Monroe Faith: the Sweetest Baby Who Proves the Critical Importance of Photographs for Healing Survivors
There is perhaps nothing more precious in this world than a baby. The birth of a child is a massive benchmark moment that changes your life forever and ever, amen.
Few would list other days of their lives as more important or more memorable than the day their child was born. And, yes, that includes those who lose their children before they even get to meet one another.
Let's talk about the elephant in the lesser-known operating room: stillbirth happens. There. It's been said. But there's one photographer out there who is changing the face of stillbirth events by crafting gorgeous portraits of these loves lost but not forgotten.
As a mama to three of her own children, photographer Lindsey Natzic-Villatoro is an interesting kind of hero — and in early July 2015, the Huffington Post released an article about Natzic-Villatoro, and how she was called on by a friend of mother-to-be, Emily Staley. The Staleys had been beside themselves with joy, ready to bring their precious baby daughter, Monroe Faith, into the world.
At eight months pregnant, Emily and her husband experienced the wicked pain that we often cannot believe any higher power would allow into our lives: Monroe's little heart had stopped beating in utero. But the science and medical aspects of life do not change no matter how emotional a scenario may be — Emily would have to deliver her baby — they don't just "go away" when they don't make it into the world alive.
In a series of photographs that went viral, Natzic-Villatoro captured the heart, soul, and deep, heavy emotion of Monroe Faith after being born via c-section. According to Natzic-Villatoro, the Staleys and she stayed in the OR for hours taking photograph after photograph of Monroe — alone, with her mother, with her father, and all together.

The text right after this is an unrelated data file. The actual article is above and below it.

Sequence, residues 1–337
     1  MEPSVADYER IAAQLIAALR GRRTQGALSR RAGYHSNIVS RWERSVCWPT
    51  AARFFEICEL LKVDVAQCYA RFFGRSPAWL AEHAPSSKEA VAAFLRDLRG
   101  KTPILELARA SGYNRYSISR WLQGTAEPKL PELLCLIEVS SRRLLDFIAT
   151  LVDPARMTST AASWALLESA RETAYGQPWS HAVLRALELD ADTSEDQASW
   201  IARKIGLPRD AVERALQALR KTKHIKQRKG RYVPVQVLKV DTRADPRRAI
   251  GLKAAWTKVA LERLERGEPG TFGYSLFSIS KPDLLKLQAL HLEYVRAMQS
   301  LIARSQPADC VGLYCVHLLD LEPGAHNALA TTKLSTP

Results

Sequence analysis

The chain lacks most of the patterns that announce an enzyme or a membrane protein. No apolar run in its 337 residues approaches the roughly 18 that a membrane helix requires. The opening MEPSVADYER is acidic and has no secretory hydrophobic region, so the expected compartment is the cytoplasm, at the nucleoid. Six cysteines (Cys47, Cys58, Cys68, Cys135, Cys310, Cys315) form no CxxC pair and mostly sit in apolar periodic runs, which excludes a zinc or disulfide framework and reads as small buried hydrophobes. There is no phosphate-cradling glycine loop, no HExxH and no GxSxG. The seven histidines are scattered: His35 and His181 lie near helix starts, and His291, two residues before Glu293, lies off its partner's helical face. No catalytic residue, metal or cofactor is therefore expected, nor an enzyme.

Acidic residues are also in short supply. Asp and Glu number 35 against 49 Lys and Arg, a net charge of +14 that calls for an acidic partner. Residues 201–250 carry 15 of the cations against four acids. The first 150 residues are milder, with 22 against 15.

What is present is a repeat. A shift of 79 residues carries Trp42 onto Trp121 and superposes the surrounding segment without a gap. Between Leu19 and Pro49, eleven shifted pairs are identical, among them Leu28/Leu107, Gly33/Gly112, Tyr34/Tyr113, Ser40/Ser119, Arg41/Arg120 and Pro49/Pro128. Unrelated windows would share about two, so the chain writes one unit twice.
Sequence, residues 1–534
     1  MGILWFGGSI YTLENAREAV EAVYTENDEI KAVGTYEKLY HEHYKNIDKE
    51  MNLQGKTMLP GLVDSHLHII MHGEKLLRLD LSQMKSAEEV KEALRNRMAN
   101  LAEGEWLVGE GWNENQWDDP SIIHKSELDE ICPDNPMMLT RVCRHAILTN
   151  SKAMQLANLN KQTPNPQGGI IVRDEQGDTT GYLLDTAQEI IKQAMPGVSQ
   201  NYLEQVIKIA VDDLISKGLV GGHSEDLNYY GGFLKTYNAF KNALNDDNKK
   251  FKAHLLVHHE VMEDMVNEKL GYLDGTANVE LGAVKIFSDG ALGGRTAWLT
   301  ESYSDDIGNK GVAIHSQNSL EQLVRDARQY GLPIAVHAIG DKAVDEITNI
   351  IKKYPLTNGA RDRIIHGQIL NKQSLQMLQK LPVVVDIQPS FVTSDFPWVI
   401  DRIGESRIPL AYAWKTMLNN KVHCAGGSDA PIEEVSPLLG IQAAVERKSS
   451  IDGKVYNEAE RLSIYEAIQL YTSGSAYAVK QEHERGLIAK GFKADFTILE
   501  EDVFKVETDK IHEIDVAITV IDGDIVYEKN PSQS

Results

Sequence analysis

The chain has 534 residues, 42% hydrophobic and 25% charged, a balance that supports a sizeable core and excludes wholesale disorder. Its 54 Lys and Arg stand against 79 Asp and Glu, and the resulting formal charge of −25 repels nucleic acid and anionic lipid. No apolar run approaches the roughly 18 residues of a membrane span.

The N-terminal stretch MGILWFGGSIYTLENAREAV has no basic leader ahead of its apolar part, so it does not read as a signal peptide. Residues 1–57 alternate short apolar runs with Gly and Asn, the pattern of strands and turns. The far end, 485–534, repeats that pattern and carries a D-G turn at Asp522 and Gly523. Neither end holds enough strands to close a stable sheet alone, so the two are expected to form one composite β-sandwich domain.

Why images like these matter
Some may argue that images of a stillbirth are morbid, morose, unnecessary, or plainly odd. And while they may not be for everyone, they are anything but morbid — in fact, images like those of Monroe with her parents turn the death-before-birth stigma on its head, polarizing an otherwise tragic event by celebrating the person, the body, the soul that resides within the tiny vessel.
Stillbirth affects many more women than we think, and that's because women don't talk about these events. But that's changing too, and it should. It's better for the mental health of the mother, father, and any older siblings to see and know there really was someone in there — that she did not make it to this plane in her mortal coil does nothing to diminish the importance of her legacy, no matter how short.
What's more, children born after Monroe who do make it into this world will have pictures of the big sister they never got to meet. Having pictures of a deceased sibling who came before you can help fill an indescribable void for many, especially as they come of age and begin to wonder what family is all about.
It's magical that parents are coming out of the dark to tell the stories of their lost children like the Staleys and their sweet Monroe Faith. Women need no longer feel lesser-than for having lost a child in the womb — all life is to be celebrated and no one knows that more purely, more sincerely, and more poignantly than mothers like Emily. Forget the baggage and the judgements: enjoy this gorgeous photograph of a beautiful baby girl. Long may she live in this collection, and long may this story of loss allow others to come into the light.